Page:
A significant benefit of SNSs is that they promote political activism and, therefore, foster change in society. SNSs serve as an important forum for people to discuss political issues and share their opinions. Himelboim (2012) notes that the intriguing political discourse held by others can make an apolitical person develop an interest in politics. In addition to this, SNSs are a cheap and efficient tool for mobilizing people to engage in the political process in their country.

SNSs have been used as potent tools for political activism in various countries. In the US, campaign strategists for the 2008 Democratic candidate, Barack Obama, made use of SNSs to organize and prioritize their campaign efforts (Barras 2009). SNSs were also used to motivate voters to turn up at the polling stations. More radical use of SNSs to promote political change was witnessed during the Arab Spring. In Tunisia, social media was the primary way through which popular uprising was initiated and subsequently encouraged. Activists made use of Facebook and Twitter to encourage Tunisians to protest against government oppression in the country (Alqudsi-ghabra 2012).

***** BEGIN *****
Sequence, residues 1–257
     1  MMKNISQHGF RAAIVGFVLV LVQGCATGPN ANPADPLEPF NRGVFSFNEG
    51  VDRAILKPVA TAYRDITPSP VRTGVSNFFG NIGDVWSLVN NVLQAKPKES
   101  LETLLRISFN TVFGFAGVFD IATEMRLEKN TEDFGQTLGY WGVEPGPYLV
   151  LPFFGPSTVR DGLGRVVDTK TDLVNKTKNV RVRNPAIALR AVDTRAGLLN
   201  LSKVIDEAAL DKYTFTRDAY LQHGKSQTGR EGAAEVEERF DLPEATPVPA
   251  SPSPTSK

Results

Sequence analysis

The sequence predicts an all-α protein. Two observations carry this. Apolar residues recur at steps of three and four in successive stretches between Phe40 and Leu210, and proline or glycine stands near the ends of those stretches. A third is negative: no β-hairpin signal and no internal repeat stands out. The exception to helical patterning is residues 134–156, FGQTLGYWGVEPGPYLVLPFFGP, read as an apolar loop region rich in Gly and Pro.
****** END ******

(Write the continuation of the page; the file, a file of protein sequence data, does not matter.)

According to Beaumont (2011), SNSs were used to marshal the uprising that led to the fall of the Egyptian President, Hosni Mubarak. Activists used these sites to mobilize protesters against the oppressive Mubarak regime. Due to these efforts, the country was able to overthrow the regime, and a democratic government was elected by the people. On the other hand, critics think that SNSs can promote low-risk activism that does not lead to any changes in society. This accusation is valid for the type of activism encouraged by SNSs does not require people to make any real sacrifices to bring about change (Joseph 2012). Most individuals only share political material or sign up to causes from their computers and take no action to achieve the political objectives. The ease with which any person can engage in online activism leads to the presence of many apathetic activists. As such, a certain cause might have thousands of supporters on the SNS, but this might not translate into any real action on the ground since the supporters are, in most cases, not committed to the cause.

Sokari (2010) warns that SNSs are likely to create armchair activists who do not engage in actions that make a real difference in the world. While SNSs might create some armchair activists, they also lead to the dispersal of information on a previously unprecedented scale. Sokari (2010), who expresses skepticism over online activism, admits that an ordinary block can be used to spark social change by providing information that forces people to focus on issues of importance. He also notes that when used as part of a strategy that incorporates real work on the ground with communities, social media can be a potent tool for political and social change in society.